Likewise, there are many times in our own lives when we must remain rooted—true to our authentic selves and thus vulnerable to the whims of change. When we do so, like the maples on the hills, we allow ourselves to blossom, growing stronger and taller in seasons ahead.
2. Be part of a community.
Have you ever watched in awe as a dozen tiny ants marched together down the sidewalk, carrying a leaf many times their size? Or marveled at the detailed, concise, and orderly structure of a honeycomb?
Like ants and bees, we are each part of a community, capable together of doing things beyond our own individual strength. Communities provide us with mentors and connections that can increase our knowledge and help us meet our goals. Communities provide inspiration when individuals come together to support one another, whether that support is in a simple meal train created to help a new mom down the street or an organized effort to rebuild homes after disaster strikes.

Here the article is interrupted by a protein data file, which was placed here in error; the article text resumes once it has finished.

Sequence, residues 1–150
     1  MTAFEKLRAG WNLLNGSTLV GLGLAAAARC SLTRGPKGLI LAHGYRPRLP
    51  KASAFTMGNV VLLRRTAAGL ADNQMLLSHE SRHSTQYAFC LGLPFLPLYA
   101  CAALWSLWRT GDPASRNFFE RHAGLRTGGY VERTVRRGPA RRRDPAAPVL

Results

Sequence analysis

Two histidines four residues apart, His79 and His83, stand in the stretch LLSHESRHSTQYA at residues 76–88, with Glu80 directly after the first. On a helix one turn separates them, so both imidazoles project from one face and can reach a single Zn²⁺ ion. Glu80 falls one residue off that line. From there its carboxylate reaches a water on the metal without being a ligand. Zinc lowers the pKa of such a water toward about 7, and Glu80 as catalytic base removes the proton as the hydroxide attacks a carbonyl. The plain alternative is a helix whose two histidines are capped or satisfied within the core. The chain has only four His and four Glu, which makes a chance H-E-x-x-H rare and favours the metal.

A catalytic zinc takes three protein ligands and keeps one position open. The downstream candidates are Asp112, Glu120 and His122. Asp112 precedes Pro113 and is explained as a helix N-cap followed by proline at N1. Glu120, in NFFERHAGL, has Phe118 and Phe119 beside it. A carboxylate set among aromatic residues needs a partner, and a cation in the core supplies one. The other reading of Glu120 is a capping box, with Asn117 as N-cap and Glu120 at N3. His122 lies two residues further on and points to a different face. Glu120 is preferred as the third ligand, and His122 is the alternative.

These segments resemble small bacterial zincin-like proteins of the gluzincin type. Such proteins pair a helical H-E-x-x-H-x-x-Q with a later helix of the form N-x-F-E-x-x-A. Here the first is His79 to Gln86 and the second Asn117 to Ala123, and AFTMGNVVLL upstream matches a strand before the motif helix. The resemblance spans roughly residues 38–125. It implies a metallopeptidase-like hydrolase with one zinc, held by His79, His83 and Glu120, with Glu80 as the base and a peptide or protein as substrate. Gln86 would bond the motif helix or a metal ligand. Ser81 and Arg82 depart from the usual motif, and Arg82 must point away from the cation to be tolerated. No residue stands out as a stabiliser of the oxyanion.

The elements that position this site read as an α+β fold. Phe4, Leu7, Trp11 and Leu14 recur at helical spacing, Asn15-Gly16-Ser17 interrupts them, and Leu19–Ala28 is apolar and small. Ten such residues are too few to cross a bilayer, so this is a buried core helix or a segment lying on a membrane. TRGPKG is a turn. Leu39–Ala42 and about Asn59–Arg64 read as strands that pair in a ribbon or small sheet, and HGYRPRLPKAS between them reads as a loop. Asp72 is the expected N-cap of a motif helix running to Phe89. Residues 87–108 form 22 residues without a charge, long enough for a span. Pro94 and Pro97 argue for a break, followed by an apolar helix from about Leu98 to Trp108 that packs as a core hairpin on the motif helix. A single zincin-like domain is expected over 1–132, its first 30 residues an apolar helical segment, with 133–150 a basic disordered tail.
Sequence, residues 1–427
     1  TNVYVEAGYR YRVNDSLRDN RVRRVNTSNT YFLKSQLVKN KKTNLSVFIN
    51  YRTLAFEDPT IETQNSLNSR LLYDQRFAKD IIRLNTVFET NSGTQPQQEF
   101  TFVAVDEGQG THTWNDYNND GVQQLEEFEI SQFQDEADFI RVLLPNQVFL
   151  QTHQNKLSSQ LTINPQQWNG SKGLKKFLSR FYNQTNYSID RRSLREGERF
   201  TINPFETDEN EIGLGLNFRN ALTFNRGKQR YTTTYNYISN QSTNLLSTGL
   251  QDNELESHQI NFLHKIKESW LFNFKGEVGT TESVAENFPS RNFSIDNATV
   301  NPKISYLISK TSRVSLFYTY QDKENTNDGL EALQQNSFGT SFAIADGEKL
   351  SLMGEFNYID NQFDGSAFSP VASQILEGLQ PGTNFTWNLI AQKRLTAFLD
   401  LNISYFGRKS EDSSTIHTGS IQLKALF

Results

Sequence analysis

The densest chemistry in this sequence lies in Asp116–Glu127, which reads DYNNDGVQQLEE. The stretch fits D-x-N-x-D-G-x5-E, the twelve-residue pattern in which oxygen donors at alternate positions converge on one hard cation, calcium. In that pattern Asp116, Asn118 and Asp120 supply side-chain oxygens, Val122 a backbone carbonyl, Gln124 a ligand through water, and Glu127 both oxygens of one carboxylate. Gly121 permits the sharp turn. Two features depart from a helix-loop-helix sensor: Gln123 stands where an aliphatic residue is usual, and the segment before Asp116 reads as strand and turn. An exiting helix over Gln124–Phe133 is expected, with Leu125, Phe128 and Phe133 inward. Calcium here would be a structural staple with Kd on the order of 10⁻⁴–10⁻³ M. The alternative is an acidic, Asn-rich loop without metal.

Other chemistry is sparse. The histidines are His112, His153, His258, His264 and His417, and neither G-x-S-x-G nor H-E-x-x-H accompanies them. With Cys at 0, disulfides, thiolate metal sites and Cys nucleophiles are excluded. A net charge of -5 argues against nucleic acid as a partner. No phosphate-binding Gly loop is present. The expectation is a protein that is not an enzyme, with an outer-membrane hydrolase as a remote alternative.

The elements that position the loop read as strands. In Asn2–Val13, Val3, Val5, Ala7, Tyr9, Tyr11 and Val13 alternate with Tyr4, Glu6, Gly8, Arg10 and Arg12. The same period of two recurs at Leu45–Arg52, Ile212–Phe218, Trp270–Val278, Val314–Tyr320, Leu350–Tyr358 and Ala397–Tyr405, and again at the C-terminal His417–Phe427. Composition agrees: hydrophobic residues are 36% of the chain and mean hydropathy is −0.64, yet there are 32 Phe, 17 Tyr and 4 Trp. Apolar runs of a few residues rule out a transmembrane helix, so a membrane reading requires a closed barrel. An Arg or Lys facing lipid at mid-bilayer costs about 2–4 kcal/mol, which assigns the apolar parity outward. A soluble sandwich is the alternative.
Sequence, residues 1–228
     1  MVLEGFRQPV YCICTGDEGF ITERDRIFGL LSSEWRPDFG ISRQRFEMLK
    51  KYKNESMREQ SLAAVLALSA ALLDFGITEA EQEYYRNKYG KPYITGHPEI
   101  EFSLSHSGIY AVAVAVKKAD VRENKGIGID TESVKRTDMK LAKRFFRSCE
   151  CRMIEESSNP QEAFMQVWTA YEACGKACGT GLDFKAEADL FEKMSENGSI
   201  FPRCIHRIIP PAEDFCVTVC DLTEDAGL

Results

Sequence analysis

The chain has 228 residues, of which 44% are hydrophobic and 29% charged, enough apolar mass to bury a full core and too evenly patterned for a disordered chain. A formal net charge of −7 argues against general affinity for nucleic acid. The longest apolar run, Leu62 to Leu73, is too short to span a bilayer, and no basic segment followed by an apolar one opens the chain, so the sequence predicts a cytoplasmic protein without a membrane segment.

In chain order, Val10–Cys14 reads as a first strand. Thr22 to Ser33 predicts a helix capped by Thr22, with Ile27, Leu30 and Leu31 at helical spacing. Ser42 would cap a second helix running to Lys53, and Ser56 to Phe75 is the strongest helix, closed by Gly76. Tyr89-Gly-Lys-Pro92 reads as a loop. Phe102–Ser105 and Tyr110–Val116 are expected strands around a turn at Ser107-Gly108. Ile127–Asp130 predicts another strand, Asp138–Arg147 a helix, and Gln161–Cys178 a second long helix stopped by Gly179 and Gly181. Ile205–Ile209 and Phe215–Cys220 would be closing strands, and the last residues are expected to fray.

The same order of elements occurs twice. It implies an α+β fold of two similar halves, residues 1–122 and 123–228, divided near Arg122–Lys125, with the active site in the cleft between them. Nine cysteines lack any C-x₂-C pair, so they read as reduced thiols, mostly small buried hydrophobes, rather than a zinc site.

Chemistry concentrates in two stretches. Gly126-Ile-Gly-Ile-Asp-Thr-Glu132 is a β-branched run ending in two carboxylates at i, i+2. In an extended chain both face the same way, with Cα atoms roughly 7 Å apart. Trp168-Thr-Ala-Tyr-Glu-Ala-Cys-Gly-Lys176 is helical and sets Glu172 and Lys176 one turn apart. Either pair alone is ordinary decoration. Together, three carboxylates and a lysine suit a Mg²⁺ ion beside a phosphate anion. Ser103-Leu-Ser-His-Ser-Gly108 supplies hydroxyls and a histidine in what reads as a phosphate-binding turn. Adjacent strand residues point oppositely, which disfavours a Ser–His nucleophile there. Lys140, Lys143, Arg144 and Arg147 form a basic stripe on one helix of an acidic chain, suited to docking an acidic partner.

3. Find your own North Star.
Many a sailor—from ancient times to the present—has sighed with relief when darkness falls and the sky lights up with stars, one of those being Polaris, the North Star. All of the other stars in the northern sky move around Polaris, while it holds nearly still, always marking the way due north.